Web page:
CPS makes queer decision – again

By April 16, 2015February 18th, 2021No Comments

No sex abuse trial for ‘frail’ Janner


16 April 2015


A veteran Labour peer will not stand trial for historic sex abuse allegations because of the “severity” of his dementia.

The Crown Prosecution Service (CPS) said the allegations against Lord Greville Janner QC, 86, are “extremely serious” and the evidence against him would have warranted a criminal trial.

But his poor health means they have decided to not pursue the case in the courts.

In a statement, the CPS said it “considers that the evidential test was passed on the basis that the evidence is sufficient to have warranted charging and prosecuting Lord Janner in relation to the particular charges” relating to nine individuals [this being so, Patria demands: why was Janner not arrested early last year, before his mental state supposedly took such a dramatic turn for the worse?].

But it added: “The CPS has concluded that Lord Greville Janner should not be prosecuted because of the severity of his dementia which means he is not fit to take part in any proceedings, there is no treatment for his condition, and there is no current or future risk of offending.”

Lord Janner would have been charged with a string of sex offences against children, the CPS said.

He would have been charged with 14 indecent assaults on a male under 16 between 1969 and 1988; two indecent assaults between 1984 and 1988; four counts of buggery of a male under 16 between 1972 and 1987; and two counts of buggery between 1977 and 1988.

Read more:


DPP Alison Saunders, who is “very good at compartmentalizing”, came highly recommended – by Keir Starmer

Patria says:-

The decision of the Crown Prosecution Service yet again not to prosecute this well-heeled member of the political Establishment need not be the end of the matter.

There is nothing to prevent the twenty-five alleged victims from mounting a private criminal prosecution, other than the financial costs involved, of course.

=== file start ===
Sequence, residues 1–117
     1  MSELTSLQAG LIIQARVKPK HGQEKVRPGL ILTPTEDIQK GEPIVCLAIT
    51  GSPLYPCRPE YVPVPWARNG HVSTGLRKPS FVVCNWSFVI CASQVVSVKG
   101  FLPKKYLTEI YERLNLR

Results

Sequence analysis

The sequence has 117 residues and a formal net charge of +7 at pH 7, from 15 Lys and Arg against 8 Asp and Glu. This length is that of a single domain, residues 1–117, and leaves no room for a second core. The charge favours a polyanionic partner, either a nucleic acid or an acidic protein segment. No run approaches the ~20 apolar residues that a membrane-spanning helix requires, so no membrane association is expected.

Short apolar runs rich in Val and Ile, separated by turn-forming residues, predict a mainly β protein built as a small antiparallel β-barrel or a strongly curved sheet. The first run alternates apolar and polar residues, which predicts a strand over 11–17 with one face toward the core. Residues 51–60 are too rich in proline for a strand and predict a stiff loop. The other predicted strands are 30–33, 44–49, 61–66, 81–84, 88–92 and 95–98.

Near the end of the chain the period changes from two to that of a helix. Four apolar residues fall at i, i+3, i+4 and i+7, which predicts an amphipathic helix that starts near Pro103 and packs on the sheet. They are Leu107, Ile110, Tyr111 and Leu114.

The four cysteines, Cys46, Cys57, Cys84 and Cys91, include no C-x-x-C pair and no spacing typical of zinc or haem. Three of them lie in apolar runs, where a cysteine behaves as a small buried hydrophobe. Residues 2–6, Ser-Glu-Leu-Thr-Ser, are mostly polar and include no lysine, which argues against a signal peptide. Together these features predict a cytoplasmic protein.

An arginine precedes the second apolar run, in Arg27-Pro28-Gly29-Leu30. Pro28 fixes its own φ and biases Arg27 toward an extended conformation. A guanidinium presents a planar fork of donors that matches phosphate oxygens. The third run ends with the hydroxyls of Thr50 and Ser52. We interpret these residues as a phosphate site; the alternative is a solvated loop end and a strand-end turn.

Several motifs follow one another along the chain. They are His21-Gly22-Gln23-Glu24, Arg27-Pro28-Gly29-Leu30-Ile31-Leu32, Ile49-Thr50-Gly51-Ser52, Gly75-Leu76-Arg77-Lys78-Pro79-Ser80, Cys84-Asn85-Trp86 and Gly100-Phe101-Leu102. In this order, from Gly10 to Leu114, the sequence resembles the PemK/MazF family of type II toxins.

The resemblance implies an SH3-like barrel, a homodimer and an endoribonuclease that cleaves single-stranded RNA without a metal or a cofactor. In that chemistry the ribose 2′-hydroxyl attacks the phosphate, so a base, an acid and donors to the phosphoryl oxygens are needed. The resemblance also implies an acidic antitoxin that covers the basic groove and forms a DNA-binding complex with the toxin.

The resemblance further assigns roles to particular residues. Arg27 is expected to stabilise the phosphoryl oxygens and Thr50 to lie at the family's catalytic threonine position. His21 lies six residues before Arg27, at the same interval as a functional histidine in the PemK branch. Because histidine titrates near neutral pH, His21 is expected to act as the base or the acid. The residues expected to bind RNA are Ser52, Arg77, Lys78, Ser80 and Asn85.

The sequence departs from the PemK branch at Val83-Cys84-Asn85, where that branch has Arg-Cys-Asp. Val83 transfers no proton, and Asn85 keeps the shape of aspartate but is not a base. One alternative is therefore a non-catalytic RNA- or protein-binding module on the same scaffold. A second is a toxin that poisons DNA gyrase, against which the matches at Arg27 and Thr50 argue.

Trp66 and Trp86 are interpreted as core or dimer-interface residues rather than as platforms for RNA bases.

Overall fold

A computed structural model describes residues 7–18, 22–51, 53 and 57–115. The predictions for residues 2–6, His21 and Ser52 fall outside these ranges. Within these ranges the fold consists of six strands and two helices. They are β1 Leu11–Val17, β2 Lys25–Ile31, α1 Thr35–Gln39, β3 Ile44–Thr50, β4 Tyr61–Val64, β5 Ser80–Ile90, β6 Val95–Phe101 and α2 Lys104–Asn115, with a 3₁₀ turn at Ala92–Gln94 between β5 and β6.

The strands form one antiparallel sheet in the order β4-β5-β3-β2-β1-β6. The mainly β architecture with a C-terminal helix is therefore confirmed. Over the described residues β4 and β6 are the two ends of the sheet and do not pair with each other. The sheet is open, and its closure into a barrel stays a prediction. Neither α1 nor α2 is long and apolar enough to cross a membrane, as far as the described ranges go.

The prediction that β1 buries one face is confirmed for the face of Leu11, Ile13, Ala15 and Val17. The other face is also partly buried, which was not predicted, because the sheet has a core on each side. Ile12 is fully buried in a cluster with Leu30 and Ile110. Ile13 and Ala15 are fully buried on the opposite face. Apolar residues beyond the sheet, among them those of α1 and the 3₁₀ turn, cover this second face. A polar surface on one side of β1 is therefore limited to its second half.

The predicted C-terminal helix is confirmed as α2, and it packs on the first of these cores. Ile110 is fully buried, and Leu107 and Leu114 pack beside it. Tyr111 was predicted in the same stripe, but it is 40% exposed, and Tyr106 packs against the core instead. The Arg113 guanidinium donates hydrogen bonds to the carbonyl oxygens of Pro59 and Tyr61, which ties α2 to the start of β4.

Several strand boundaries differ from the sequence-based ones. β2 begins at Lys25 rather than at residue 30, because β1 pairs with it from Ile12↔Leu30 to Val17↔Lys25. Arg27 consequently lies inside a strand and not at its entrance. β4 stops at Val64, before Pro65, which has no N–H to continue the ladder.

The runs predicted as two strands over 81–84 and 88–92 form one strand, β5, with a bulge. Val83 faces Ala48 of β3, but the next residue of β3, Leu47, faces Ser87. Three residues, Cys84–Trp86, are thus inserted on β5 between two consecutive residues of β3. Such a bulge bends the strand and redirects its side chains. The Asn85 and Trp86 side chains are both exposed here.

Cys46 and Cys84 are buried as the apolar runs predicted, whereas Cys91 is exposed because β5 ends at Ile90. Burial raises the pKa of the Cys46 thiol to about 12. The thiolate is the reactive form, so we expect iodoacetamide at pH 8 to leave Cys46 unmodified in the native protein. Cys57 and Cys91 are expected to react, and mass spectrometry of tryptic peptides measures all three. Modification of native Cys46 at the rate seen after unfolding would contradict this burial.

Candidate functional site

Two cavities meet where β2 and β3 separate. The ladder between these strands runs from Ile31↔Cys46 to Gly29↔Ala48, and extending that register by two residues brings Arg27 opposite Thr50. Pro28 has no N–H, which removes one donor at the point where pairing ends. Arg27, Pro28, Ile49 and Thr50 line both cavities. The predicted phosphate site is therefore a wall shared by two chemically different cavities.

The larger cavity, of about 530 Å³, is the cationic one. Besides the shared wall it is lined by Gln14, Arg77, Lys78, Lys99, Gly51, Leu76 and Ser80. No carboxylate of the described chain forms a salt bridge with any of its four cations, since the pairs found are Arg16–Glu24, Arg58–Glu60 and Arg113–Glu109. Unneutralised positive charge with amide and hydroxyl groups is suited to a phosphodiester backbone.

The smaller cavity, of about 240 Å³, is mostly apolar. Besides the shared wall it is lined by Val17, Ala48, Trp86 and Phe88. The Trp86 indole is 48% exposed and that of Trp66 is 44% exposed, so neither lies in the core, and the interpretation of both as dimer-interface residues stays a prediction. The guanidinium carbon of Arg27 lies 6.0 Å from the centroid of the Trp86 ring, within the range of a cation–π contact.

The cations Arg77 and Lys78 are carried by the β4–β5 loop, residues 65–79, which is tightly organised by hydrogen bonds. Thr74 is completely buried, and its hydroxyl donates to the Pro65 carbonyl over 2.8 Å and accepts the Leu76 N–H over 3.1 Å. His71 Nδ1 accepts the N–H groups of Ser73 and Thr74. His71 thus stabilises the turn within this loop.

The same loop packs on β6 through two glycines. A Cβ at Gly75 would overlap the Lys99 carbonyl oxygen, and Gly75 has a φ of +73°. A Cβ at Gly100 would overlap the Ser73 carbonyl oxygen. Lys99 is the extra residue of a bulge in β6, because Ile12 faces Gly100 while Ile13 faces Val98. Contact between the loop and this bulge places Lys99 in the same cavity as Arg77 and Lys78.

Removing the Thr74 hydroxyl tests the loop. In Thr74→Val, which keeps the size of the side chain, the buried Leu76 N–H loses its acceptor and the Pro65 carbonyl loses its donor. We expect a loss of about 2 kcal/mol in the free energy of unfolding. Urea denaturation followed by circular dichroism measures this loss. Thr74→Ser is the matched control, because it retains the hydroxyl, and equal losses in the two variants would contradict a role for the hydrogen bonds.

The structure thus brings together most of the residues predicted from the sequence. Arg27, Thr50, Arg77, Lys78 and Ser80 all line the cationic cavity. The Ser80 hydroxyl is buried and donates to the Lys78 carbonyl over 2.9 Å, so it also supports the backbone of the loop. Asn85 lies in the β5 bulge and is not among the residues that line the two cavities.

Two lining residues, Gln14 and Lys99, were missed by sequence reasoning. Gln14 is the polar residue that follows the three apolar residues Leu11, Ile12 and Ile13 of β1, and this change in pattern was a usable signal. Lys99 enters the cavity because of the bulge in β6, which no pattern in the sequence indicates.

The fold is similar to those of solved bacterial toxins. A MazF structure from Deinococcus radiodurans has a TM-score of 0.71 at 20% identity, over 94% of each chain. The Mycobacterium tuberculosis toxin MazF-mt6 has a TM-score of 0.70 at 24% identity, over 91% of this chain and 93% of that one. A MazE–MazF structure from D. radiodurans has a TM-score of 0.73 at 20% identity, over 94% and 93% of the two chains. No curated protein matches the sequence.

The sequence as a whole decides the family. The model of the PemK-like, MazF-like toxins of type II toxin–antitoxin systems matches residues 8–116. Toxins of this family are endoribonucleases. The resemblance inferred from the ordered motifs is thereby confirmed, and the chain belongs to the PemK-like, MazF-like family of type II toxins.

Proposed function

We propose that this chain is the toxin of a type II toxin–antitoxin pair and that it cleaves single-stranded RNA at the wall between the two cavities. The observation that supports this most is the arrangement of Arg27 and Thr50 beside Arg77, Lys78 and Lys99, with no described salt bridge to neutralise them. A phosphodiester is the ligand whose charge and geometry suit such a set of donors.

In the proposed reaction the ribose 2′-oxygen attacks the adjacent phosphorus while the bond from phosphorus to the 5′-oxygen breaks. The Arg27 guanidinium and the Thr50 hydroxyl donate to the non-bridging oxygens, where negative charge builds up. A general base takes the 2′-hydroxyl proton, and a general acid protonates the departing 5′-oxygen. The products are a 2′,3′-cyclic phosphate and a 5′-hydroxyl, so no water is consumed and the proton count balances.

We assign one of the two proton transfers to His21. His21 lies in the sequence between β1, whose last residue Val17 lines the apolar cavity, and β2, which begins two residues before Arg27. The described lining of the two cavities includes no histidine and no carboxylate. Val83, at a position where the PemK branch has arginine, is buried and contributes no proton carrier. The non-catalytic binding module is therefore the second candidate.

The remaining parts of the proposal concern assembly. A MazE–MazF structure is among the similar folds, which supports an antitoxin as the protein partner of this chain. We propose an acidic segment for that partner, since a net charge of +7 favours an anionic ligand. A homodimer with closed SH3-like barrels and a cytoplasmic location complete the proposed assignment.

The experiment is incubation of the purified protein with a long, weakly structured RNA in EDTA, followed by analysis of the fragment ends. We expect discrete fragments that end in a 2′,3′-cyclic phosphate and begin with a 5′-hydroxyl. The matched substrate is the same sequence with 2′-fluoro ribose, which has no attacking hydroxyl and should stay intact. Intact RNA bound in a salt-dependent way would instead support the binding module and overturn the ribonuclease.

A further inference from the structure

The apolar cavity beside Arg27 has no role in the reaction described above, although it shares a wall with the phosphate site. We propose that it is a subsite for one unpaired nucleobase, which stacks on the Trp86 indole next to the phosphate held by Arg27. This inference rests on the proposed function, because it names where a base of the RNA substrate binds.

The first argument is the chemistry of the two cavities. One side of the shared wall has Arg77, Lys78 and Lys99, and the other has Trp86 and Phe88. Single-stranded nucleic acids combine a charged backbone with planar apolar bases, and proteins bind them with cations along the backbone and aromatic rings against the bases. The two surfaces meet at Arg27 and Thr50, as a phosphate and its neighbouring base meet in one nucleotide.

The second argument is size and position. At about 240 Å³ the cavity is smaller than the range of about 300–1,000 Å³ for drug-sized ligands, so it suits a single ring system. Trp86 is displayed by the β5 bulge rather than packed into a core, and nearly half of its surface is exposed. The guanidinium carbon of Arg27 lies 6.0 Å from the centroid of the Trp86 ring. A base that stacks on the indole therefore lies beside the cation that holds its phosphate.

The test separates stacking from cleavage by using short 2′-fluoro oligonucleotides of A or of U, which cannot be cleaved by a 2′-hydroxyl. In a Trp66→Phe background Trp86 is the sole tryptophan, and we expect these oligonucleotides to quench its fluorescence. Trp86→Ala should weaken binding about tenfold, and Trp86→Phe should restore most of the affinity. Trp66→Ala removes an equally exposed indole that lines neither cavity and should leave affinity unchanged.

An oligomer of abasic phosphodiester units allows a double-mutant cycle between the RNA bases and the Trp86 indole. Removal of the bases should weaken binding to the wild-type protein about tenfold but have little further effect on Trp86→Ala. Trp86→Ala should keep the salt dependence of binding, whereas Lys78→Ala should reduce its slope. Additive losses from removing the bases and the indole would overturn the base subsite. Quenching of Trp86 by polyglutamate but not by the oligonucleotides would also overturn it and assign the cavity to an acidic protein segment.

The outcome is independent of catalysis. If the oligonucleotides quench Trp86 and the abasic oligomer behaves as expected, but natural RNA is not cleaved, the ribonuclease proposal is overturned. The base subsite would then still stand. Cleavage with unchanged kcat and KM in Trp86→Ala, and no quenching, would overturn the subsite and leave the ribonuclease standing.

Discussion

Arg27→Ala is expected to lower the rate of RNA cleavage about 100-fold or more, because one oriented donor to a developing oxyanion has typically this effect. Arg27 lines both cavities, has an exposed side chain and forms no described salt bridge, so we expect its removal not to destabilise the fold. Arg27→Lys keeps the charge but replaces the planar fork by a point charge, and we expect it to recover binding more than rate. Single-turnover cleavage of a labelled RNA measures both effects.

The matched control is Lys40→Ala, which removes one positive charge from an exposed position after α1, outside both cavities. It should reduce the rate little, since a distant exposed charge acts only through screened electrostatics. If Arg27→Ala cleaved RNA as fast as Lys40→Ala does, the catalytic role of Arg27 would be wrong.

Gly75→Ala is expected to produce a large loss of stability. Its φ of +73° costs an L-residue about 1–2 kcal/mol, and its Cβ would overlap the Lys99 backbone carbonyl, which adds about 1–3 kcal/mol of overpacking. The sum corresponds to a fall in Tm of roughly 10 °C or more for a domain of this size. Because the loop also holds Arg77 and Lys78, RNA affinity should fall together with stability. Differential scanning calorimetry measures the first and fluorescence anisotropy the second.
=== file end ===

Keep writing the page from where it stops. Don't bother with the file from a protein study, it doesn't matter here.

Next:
Assuming the necessary funds could be raised and a private criminal prosecution begun, would the Attorney- General then step in to take over the case in the name of the Crown, or would he step in to quash such a prosecution?

Time will tell. But in the event of a criminal prosecution not materializing, a civil action for damages might be considered by some or all of the alleged victims.

The explanation given by the DPP of the decision not to prosecute Janner relies on the ‘fact’ that he is suffering from Alzheimer’s disease, a progressive dementia for which there is currently no known cure. He was diagnosed in 2009.

Yet, despite supposedly having this condition, Janner was a regular attender at the House of Lords, claiming his £300 per day allowance, right up to December 2013, when his home in Barnet was searched by police. Not only was he a regular attender but he also served on the Consolidation Bills Joint Committee.

If his medical condition did not prevent him from continuing to work in the House of Lords for a period of four years or so following diagnosis, then does it not strike one as a remarkable coincidence, as perhaps just a little too convenient, that it should do so at the very point at which it became known to him that he was again under investigation by the police?

‘Manipulation (“putting it on”) is “out of the question”‘ glibly opines the DPP, Mrs Saunders. I should like to know how she can be so sure of that.

Contributing to the work of the House of Lords may not be the ultimate test of cognitive ability. But it surely warrants a defendant being regarded as fit to plead. And if defendants can be tried in absentia, why not in person?

In the past Janner criticized the English jury system for allowing an 86-year-old man to avoid being questioned in 1997, over Nazi atrocities that had taken place in 1941 and 1942.

Szymon Serafinowicz, a retired carpenter from Surrey, was arrested in 1995, the first British citizen to be charged under the War Crimes Act, in connection with the murders of three Jewish people during the Second World War.

He had denied the allegations but could not answer questions during a trial due to having dementia.

“I don’t care what bloody age they are,” Lord Janner, a former Leicester MP and chairman of the Holocaust Educational Trust, said in 2012, according to The Jewish Chronicle. “These criminals should have been dealt with years ago.”

Janner, who is also 86-years-old and inherited his father’s seat in the House of Commons, has been suspended by the Labour Party.

Could there be other reasons for the permanent disinclination of the CPS to prosecute this ‘pillar of the Establishment’?

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